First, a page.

“In law, defamation–also called calumny, libel (for written words), slander (for spoken words), and vilification–is the communication of a statement that makes a claim, expressly stated or implied to be factual, that may give an individual, business, product, group, government or nation a negative image.
    ….
    Statements made as “facts” are frequently actionable defamation. Statements of opinion or pure opinion are not actionable. In order to win damages in a libel case, the plaintiff must first show that the statements were “statements of fact or mixed statements of opinion and fact” and second that these statements were false.(other conventions found say statements are presumed false unless proven true)

    Article 17 of the United Nations International Covenant on Civil and Political Rights states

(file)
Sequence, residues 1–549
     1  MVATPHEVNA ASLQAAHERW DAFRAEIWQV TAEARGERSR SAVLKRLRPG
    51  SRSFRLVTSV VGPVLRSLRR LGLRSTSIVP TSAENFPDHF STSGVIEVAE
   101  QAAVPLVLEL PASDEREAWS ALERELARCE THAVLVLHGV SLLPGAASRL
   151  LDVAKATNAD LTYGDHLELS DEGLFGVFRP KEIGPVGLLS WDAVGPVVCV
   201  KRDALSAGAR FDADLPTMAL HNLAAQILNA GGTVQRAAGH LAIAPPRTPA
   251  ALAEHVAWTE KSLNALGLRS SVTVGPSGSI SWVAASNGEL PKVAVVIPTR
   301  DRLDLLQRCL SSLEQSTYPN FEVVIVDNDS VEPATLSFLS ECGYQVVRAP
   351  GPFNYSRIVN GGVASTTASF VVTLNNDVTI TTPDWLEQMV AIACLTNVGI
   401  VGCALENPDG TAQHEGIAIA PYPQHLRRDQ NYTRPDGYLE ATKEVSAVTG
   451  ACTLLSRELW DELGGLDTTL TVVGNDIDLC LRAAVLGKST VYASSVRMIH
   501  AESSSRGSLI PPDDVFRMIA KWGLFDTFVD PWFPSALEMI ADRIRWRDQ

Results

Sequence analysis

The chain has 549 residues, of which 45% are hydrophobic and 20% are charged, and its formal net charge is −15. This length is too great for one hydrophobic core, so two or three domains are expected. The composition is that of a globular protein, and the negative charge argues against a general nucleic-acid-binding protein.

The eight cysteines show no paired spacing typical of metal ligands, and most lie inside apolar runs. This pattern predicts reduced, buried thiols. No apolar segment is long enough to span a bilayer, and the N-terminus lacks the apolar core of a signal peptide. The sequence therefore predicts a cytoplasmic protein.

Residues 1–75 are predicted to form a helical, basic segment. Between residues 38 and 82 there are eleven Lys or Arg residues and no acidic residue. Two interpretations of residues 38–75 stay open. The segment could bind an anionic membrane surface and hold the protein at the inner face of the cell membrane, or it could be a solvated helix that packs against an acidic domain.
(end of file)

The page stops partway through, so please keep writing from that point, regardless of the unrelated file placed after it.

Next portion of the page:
1. No one shall be subjected to arbitrary or unlawful interference with his privacy, family, home or correspondence, nor to unlawful attacks on his honour and reputation.
    2. Everyone has the right to the protection of the law against such interference or attacks.

    A defamatory statement is presumed to be false unless the defendant can prove its truth. Furthermore, to collect compensatory damages, a public official or public figure must prove actual malice (knowing falsity or reckless disregard for the truth). A private individual must only prove negligence (not using due care) to collect compensatory damages. In order to collect punitive damages, all individuals must prove actual malice.”

    What you probably mean is something like:(http://www.personal-injury-info.net/libel-definition.htm):
    “Libel is not libel when it is about and un-definable group of people or organization. Saying all “CEO’s are crooks” is not libel, but specifically naming a person who is a CEO, most likely is. ”
    Well, the group Mr. Vitalis was part of was not that large, certainly hardly undefinable and since they were not acting individually, I would say he has a strong case. But that is what courts are for.

    Incidentally, if Mr. Mihas’s credibility is as low as people have said in this forum, then I expect him acquited on the grounds that no one takes him seriously: